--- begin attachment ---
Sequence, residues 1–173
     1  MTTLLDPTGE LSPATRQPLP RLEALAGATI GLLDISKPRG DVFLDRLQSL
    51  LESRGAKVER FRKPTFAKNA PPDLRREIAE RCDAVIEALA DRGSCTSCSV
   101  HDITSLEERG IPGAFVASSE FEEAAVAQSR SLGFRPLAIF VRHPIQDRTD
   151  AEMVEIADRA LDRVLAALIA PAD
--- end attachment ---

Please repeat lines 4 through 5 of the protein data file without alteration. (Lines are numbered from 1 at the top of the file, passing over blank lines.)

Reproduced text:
   101  HDITSLEERG IPGAFVASSE FEEAAVAQSR SLGFRPLAIF VRHPIQDRTD
   151  AEMVEIADRA LDRVLAALIA PAD